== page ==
Welcome Melissa! First, tell us about your novel Dangerous Beauty?
Wealthy businessman Meric Toledan holds others at a distance, keeping his dark past and his secrets to himself. But when he meets Liliana Vela, a victim of human trafficking in need of asylum, he finds himself ready to protect her at all costs—including asking for her hand in marriage.
What inspired you to write about human trafficking?
While it’s an extremely difficult subject for me to write about, I also think it is one of the most under-recognized atrocities of our society and needs more light blasted at it. How is this not a major talking point on the news every single day? It’s literally modern-day slavery.
I handle it very delicately, because I couldn’t handle writing anything graphic, I don’t think my readers want to read that, and I didn’t want the story to be about the horrors of Liliana’s experiences—I wanted it to be about her healing and triumph, and Meric’s too.
Can you share some of Meric’s background and why he feels such a drive to help those affected by human trafficking?
I don’t want to give too much away, but he has a unique connection to human trafficking that fuels his motivations.
What type of research was required to accurately write about drug cartels and human trafficking?
Lots and lots of searching government and legal websites about the laws associated with asylum, Green Cards, and marriage. The actual interactions are all fictional, of course, but I based the general behaviors on news stories that I’ve read over the years.
Where did the inspiration for Liliana’s character come from?
I wanted to create someone soft and kind but also a fighter. I love the juxtaposition. I had her come from Mexico for logistical reasons and the SW area of Mexico because that’s the poorest area. I liked the idea of the buyer thinking he can do whatever he wants to her and her family because they’re powerless and poor, and in the end, she shows why you shouldn’t judge people based on outward characteristics.
Dangerous Beauty includes the romance trope of marriage for convenience. What are some of your favorite romance tropes?
Marriage of convenience is probably my favorite trope. I usually don’t write tropes, but this story really struck me. I just had to write it. It was one of those ones that won’t get out of your head until you write it down.
Liliana faces a terrifying future without Meric’s help. What was it like to write from the perspective of someone in that position?
I write a lot of very strong females (Kadance in Never Miss is a prime example). While Liliana is in a position of powerlessness, dependent on Meric, she’s not weak. Not in the slightest. I enjoyed exploring her strength—while she has no power, she never lets anyone control her and certainly never gives up. She never allows herself to surrender to victimhood.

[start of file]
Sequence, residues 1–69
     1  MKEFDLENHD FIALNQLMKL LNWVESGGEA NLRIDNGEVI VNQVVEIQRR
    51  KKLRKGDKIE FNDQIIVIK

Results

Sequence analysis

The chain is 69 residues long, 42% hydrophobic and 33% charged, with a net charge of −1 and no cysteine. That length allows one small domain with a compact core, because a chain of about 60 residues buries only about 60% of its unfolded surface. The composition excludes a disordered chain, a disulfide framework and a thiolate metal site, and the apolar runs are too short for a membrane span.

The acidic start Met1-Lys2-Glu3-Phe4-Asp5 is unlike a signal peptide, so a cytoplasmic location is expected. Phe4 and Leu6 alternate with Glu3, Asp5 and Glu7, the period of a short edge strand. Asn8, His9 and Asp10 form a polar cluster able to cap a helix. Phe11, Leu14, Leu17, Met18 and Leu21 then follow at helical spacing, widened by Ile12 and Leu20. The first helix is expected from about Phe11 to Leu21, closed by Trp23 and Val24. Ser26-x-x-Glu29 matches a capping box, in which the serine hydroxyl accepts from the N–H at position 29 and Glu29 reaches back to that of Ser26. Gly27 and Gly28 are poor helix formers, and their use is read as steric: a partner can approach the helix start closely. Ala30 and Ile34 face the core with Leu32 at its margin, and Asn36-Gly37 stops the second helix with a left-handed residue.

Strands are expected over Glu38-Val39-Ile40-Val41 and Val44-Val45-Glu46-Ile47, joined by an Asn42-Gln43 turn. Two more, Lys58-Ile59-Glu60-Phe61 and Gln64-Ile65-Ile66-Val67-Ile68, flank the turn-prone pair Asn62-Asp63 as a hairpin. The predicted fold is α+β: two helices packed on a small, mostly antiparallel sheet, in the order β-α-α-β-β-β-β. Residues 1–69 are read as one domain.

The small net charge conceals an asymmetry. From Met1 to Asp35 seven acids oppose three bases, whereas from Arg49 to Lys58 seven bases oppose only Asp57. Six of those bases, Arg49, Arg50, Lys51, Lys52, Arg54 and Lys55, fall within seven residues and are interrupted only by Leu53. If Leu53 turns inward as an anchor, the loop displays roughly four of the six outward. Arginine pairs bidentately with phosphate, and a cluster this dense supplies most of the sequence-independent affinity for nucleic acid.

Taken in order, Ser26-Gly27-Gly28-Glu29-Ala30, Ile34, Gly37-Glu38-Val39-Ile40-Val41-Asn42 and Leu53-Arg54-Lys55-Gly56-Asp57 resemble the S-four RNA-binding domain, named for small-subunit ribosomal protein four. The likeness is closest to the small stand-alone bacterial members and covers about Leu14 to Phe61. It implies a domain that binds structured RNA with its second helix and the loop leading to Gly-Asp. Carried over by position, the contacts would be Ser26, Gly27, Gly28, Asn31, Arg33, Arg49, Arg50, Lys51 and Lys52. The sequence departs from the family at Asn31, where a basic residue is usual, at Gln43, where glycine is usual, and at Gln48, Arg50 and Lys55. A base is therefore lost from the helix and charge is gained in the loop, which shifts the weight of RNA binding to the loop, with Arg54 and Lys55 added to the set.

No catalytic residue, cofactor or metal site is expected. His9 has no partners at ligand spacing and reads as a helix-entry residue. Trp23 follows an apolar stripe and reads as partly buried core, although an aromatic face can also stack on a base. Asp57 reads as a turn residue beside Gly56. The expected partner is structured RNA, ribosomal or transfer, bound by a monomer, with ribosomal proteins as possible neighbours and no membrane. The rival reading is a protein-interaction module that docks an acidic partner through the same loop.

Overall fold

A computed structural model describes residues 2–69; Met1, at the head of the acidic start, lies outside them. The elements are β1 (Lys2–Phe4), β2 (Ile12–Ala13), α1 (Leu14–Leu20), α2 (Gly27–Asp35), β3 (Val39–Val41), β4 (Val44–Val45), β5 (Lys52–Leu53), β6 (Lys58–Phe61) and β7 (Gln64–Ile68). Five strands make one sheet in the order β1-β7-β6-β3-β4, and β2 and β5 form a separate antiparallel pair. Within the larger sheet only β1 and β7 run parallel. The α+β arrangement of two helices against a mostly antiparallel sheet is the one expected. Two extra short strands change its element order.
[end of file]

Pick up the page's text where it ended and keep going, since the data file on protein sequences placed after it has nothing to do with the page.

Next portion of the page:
What did you enjoy most about writing Dangerous Beauty?
The emotional struggles both Liliana and Meric face.
What do you hope readers will take away from Dangerous Beauty?
On an interpersonal level: never judge anyone based on outward circumstances or appearances. Everyone is a unique individual, valuable in their own right, and brings their own strengths to the table.
On a societal level: an increased awareness of the horrors and pervasiveness of human trafficking.
Thank you for joining us today!
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Here’s a look at DANGEROUS BEAUTY:
(Releasing Sept 6)
Liliana Vela hates the term victim. She’s not a victim, she’s a fighter. Stubborn and strong with a quiet elegance, she’s determined to take back her life after escaping the clutches of human traffickers in her poor Mexican village. But she can’t stay safely over the border in America–unless the man who aided in her rescue is serious about his unconventional proposal to marry her.
Meric Toledan was just stopping at a service station for a bottle of water. Assessing the situation, he steps in to rescue Liliana from traffickers. If he can keep his secrets at bay, his wealth and position afford him many resources to help her. But the mysterious buyer who funded her capture will not sit idly by while his prize is stolen from him.